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A sea change in North Sea ecosystems

By Dave Armstrong - 04 Jul 2012 12:6:32 GMT
A sea change in North Sea ecosystems

These chicks in Heligoland (Germany) have been raised on a diet of small crabs fished by their parents from the North Sea - Lesser black-backed gull chick; Credit: © Shutterstock

Remember those days on the beach in the rock pools, dabbling in the clear water and under rocks. Those little crabs with long feathery hind legs include the swimming crabs, Polybius spp. and others.

Now the decapod (crabs, lobsters and shrimp) populations have soared in some areas of north-west Europe because of climate change, while some seabirds have been affected by this very abundance and had their own populations. All this has been documented by Richard Kirby, C. Luczak and several others from Universite Lille, Plymouth Marine Institute of Plymouth University and the Sir Alistair hardy Foundation for Ocean Science. They publish today in the Royal Society journal Biology Letters.

The North Sea is normally quite plankton-rich. However two increases in Sea Surface Temperature (abbreviated as SST) in 1989 and a longer increase after 1997 were coincident with a rise in the planktonic population of decapod larvae (zooeae larvae) and in their adults in the benthic populations. Some of the more pelagic crabs in particular have been able to increase their range and penetrated to the northerly parts of the North Sea.

As lesser black backed gulls feed on these crabs during the breeding season, they established one new colony and greatly increased their numbers of breeding pairs in Northern France and Belgium. In all, 34 species of swimming crab were found in this research, using the Continuous Plankton Recorder survey. Many of them increased near the enlarging colonies of the seabird, leading to the obvious conclusion. (ie. a correlation)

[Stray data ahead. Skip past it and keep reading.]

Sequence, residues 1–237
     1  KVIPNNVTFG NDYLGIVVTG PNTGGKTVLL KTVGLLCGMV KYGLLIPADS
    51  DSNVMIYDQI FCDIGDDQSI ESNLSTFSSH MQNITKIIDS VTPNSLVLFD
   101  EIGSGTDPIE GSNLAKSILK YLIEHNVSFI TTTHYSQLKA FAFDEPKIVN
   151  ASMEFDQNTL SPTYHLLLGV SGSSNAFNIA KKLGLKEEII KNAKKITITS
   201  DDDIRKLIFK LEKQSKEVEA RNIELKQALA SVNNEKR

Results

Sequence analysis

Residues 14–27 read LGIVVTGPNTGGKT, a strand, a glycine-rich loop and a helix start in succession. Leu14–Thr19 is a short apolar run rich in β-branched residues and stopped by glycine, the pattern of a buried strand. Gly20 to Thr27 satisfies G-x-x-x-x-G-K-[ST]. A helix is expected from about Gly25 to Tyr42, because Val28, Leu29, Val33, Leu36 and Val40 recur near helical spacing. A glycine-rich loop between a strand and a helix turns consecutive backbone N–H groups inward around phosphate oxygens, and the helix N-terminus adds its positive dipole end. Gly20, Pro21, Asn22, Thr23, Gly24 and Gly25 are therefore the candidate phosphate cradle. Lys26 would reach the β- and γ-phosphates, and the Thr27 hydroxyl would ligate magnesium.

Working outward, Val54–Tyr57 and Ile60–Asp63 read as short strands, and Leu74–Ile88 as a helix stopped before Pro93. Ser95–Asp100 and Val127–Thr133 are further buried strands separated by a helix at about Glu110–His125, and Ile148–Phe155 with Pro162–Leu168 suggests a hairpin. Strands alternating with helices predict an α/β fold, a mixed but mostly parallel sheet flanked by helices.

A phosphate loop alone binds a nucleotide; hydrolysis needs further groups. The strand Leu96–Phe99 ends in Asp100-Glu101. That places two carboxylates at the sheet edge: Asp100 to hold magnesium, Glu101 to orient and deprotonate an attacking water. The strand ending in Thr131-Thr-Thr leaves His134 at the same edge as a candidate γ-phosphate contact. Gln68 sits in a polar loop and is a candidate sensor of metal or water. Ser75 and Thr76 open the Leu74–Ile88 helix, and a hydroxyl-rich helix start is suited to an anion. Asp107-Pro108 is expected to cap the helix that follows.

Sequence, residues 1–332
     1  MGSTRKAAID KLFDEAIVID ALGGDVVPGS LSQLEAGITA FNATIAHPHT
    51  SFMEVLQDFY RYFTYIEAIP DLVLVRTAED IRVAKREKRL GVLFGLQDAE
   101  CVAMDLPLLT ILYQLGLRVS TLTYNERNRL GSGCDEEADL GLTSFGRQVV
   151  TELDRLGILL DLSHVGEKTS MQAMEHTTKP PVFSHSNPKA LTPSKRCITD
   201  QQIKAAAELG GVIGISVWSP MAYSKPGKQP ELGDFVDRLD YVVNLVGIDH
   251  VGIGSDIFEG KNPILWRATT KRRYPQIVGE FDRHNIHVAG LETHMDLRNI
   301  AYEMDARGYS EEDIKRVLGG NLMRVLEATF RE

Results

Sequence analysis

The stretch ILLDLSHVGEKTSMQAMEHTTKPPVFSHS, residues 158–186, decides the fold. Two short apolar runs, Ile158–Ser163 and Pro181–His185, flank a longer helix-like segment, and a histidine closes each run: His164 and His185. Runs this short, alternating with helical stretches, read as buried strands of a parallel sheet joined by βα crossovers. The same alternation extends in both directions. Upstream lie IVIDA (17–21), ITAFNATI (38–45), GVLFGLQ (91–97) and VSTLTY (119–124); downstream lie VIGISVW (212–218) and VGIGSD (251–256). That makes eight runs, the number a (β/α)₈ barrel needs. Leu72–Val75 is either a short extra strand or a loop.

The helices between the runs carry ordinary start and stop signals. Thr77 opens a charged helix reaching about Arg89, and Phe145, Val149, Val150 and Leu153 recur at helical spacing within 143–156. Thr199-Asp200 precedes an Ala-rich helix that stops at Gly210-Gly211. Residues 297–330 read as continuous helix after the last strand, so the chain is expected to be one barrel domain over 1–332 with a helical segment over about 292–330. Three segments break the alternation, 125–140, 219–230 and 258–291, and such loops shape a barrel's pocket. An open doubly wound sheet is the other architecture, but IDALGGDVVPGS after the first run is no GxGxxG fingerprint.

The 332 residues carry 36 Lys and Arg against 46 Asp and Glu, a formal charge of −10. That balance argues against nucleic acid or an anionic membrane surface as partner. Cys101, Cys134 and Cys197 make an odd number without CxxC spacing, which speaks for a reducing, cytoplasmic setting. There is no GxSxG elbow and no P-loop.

Carabus violaceus

Credit: © Biology Letters

(Above) To indicate the change in adult swimming crabs (2000-1986) red shows a large increase while blue indicates a large decrease. Green represents a nil change the paper's graph also shows how sebird colonies have enlarged and propagated in exactly these areas opposite northern France and Belgium, off Denmark, near Heligoland island and to the east of Scotland.

Positive correlations between all of the involved parties and the increasing SST were very encouraging. It means the climate signal from each of the measurements has an appropriate time lag (3-4 years in some cases), as chicks grow and new generations take advantage of their bonus.

A species of crab also conquered new horizons in entering the North Sea permanently for the first time. Yellow-legged gulls are also involved, relying on crabs as a source of calcium while Balearic shearwaters have expanded their range in a similar way that involves their fish prey.

So the authors have established in one paper that two changes in the ecosystem have definitely taken place. Both the temperature affecting the larval crab in the plankton and the adult crab population affecting the lesser black backed gull colony are established arguments.

The link the birds bring between the marine environment where they fish and the terrestrial environment on which they nest is a vital clue as to the environmental effects. Nutrient input to coastal soils from the birds ensures that coastal ecology will also change, especially in those areas where the small crabs have "warmed" to their expanded habitats.

The adult Larus fuscus graelsii (black-backed gull)

Gull with food; Credit: © Shutterstock

(Above)The adult Larus fuscus graelsii (black-backed gull) feeds on various fish and crustacea, but it feeds its young on swimming crabs and breeds especially close to suitable areas.

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Topics: Ocean